Echoing a period of tremendous economic growth and political transformation in East Asia, the Harvard Kennedy School (HKS) has announced a $20.5 million gift to launch an important initiative designed to expand and strengthen the School’s support of policy research and educational programming in Asia.The permanently endowed Rajawali Foundation Institute for Asia will bring together academics and practitioners from around the world to enhance research, teaching, and training on public policy and governance issues of critical importance in Asia. A separate gift establishes a Harvard Kennedy School Indonesia Program within the institute, which will promote research, education, and capacity building in support of democratic governance and institutional transformation in Southeast Asia. As the world’s largest majority Muslim country, Indonesia is an important model for positive institutional change.The institute and program will be housed in the newly renamed Ash Center for Democratic Governance and Innovation.“The Rajawali Foundation Institute for Asia at Harvard Kennedy School will create opportunities for Harvard scholars and students to work with people and institutions throughout the Asian continent,” said Harvard University President Drew Faust. “It will serve as a hub for policy research, education, and dialogue on a region that continues to grow in political and economic influence.”“We are deeply grateful for this generous gift to the Kennedy School,” said Dean David T. Ellwood. “Asia has experienced dynamic growth and change over the past two decades, enhancing the region’s influence on international policy and discussions while also increasing the challenges facing governments throughout the region. The new institute and program at the Ash Center will help enrich the policy dialogue among scholars, students, policymakers, and Asian leaders throughout many levels of government, business, and civil society.”“I would like to express my sincere appreciation to Dean Ellwood and Director [Anthony] Saich for making this moment possible,” said Peter Sondakh, chairman of the Rajawali Foundation. “We are embarking on a very important relationship. Establishing the Rajawali Foundation Institute for Asia will open new opportunities both at the Kennedy School and in the region of Asia. For those of us at Rajawali, it is our hope that this institute will be a valuable instrument for deepening understanding of Asia, exploring possibilities for innovation, and advancing important initiatives that will affect millions of lives in Asia.”The institute will link existing Kennedy School programs focusing on Asia, such as the China Public Policy Program, the Vietnam Program, and Asia Vision 21. Asian scholars and practitioners will spend time at the center as research fellows, attending symposia and participating in executive education and policy dialogue programs. The HKS Indonesia Program will host Indonesian scholars and policymakers who will undertake research fellowships and attend both degree courses and executive education programs. Harvard scholars will collaborate with Indonesian colleagues in Indonesia and will participate in events both in Indonesia and at Harvard.Anthony Saich, director of the Ash Center for Democratic Governance and Innovation, said, “We are indebted to the Rajawali Foundation for their support in establishing the Rajawali Foundation Institute for Asia and the Harvard Kennedy School Indonesia Program. The newly created institute promises to strengthen our teaching capacity and enhance our center’s public policy research and expertise, not only in Indonesia but throughout Asia, encouraging ongoing dialogue and knowledge sharing among key policymakers, faculty, and students.”The Ash Center for Democratic Governance and Innovation advances excellence in governance and strengthens democratic institutions worldwide. Through its research, education, international programs, and government innovations awards, the center fosters creative and effective government problem solving and serves as a catalyst for addressing many of the most pressing needs of the world’s citizens.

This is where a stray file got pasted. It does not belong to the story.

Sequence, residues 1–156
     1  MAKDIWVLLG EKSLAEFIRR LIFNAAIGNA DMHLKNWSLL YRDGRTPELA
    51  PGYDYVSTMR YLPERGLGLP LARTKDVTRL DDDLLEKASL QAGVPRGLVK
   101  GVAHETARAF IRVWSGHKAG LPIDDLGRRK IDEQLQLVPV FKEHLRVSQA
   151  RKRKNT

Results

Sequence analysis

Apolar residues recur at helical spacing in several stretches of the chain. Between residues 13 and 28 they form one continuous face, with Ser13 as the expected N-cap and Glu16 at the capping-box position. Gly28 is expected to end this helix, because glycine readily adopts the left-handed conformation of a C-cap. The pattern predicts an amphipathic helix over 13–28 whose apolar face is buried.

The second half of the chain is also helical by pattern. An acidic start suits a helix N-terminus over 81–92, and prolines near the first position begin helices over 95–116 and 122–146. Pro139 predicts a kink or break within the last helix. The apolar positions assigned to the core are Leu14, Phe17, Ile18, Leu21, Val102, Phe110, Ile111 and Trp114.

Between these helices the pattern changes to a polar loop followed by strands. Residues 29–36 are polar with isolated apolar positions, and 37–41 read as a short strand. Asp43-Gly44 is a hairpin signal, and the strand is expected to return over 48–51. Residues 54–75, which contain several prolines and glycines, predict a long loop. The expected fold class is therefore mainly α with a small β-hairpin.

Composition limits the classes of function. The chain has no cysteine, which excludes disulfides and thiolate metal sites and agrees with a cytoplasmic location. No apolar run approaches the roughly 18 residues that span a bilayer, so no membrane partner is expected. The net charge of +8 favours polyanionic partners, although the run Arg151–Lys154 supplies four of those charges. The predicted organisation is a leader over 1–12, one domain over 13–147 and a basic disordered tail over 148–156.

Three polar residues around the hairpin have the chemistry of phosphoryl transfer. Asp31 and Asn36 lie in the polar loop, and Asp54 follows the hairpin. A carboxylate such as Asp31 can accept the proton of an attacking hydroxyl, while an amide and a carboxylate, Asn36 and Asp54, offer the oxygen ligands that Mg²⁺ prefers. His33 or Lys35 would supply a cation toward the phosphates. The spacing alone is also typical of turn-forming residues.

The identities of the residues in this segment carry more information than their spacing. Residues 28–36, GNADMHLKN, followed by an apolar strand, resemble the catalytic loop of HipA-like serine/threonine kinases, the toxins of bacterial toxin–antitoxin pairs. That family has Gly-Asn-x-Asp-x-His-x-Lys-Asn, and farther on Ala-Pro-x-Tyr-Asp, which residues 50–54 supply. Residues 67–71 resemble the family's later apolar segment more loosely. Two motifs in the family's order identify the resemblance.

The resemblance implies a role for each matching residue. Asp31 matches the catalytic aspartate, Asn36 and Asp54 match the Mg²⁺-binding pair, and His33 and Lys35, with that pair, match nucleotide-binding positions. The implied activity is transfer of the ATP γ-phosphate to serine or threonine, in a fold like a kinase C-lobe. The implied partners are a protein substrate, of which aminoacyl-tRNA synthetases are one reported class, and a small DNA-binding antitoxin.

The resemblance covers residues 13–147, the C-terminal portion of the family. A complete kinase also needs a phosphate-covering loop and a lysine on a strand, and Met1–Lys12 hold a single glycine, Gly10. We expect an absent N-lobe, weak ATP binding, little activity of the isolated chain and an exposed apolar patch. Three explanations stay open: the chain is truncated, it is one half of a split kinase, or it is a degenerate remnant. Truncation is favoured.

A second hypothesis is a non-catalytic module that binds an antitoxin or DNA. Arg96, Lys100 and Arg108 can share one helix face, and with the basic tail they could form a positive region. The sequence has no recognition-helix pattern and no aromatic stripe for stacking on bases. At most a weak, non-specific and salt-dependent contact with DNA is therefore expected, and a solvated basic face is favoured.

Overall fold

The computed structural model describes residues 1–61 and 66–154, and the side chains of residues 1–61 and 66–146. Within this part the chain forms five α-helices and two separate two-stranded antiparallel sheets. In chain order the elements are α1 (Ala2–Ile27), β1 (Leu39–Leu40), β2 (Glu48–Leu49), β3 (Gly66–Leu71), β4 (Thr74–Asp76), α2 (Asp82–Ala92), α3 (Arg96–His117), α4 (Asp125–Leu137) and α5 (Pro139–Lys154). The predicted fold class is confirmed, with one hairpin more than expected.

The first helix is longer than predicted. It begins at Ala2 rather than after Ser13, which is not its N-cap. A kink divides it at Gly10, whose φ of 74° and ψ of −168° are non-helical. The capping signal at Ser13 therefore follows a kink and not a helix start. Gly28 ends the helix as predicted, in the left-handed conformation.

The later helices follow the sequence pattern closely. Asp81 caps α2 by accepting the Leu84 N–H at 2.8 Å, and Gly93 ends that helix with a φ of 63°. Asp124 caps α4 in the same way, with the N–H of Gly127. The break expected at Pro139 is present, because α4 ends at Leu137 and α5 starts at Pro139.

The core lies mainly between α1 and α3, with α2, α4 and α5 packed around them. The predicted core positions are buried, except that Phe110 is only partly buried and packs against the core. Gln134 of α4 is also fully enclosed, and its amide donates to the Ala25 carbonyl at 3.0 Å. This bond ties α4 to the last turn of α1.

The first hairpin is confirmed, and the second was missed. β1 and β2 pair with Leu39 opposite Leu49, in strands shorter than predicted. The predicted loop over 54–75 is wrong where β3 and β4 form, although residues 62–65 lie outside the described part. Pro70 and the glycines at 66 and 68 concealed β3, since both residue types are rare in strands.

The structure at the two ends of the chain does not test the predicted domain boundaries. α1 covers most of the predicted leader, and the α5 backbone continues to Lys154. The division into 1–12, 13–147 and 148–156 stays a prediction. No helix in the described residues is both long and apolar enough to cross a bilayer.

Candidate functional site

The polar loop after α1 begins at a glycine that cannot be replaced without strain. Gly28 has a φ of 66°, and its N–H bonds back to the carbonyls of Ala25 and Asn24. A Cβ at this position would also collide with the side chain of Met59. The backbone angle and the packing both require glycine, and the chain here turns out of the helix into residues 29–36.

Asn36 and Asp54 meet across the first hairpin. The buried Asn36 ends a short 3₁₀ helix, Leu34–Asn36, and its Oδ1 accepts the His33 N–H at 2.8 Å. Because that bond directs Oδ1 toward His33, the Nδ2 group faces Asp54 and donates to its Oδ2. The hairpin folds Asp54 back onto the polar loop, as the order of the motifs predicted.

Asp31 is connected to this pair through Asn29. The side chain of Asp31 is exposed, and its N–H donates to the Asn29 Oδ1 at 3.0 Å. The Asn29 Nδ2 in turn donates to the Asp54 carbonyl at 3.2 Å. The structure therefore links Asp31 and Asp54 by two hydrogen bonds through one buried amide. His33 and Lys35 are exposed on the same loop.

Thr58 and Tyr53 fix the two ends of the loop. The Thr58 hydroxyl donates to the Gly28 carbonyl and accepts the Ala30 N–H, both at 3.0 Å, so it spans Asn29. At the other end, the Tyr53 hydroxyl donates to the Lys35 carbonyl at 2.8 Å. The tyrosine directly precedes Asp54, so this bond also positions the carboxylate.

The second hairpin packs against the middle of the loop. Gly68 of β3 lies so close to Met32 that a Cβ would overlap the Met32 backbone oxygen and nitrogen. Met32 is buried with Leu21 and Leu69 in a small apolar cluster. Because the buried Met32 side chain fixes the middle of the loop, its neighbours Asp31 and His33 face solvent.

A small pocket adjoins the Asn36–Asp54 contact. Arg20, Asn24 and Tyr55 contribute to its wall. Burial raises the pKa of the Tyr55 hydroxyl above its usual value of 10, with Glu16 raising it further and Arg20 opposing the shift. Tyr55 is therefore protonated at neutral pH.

Group I:Croatia 1-1 FinlandTurkey 0-3 IcelandKosovo 0-2 UkraineStandings:Iceland 19 pointsCroatia 17 pointsUkraine 17 pointsTurkey 14 pointsFinland 8 pointsKosovo 1 point Former World Cup winners Spain have qualified for next year’s FIFA World Cup in Russia after they defeated Albania 3-0 in Alicante in Group G.Valencia forward Rodrigo, Isco and Thiago Alcantara got the goals for the 2010 winners.The match also saw fans jeer controversial Barcelona defender Gerard Pique for his support for Catalan Independence Referendum.Pique was substituted on the hour mark in Alicante with Real Madrid defender Nacho coming on in his place.Still in Group G, 4-time World Cup winners Italy missed out on top spot after they were held by visiting Macedonia in disappointing fashion. They took the lead through Juventus defender Giorgio Chiellini, who recently returned from injury.The team failed to build on that opening goal and they were rightly stunned by Alex Trazkowski with 13 minutes left on the clock.Group D:Austria 3-2 SerbiaGeorgia 0-1 WalesRepublic of Ireland 2-0 MoldovaStandings:Serbia 18 pointsWales 17 pointsRepublic of Ireland 16 pointsAustria 12 pointsGeorgia 5 pointsMoldova 2 points Group G:Italy 1-1 MacedoniaSpain 3-0 AlbaniaLiechtenstein 0-1 IsraelStandings:Spain 25 pointsItaly 20 pointsAlbania 13 pointsIsrael 12 pointsMacedonia 8 pointsLiechtenstein 0 point Qualified Teams in Europe: Russia (hosts), Belgium, Germany, England and SpainRelated2018 FIFA World Cup Qualifying Wrap (UEFA): Serbia, Iceland Secure Spots; Wales Suffer HeartbreakOctober 10, 2017In “FIFA”Spanish Fans Boo Barcelona Star Over Catalan SupportOctober 3, 2017In “Europe”2018 FIFA World Cup Qualifying Review (UEFA): Poland Become Sixth European Nation In RussiaOctober 9, 2017In “FIFA”